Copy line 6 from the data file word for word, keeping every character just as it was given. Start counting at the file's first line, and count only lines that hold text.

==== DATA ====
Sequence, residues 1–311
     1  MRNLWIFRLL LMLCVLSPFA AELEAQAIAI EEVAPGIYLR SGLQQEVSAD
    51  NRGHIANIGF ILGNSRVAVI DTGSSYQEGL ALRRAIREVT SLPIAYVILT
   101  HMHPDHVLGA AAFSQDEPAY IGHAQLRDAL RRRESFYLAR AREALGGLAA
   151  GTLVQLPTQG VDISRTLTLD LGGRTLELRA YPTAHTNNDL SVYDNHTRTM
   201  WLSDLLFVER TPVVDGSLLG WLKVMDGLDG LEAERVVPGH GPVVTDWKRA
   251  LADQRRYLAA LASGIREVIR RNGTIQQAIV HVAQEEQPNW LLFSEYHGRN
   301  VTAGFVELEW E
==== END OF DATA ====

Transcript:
   201  WLSDLLFVER TPVVDGSLLG WLKVMDGLDG LEAERVVPGH GPVVTDWKRA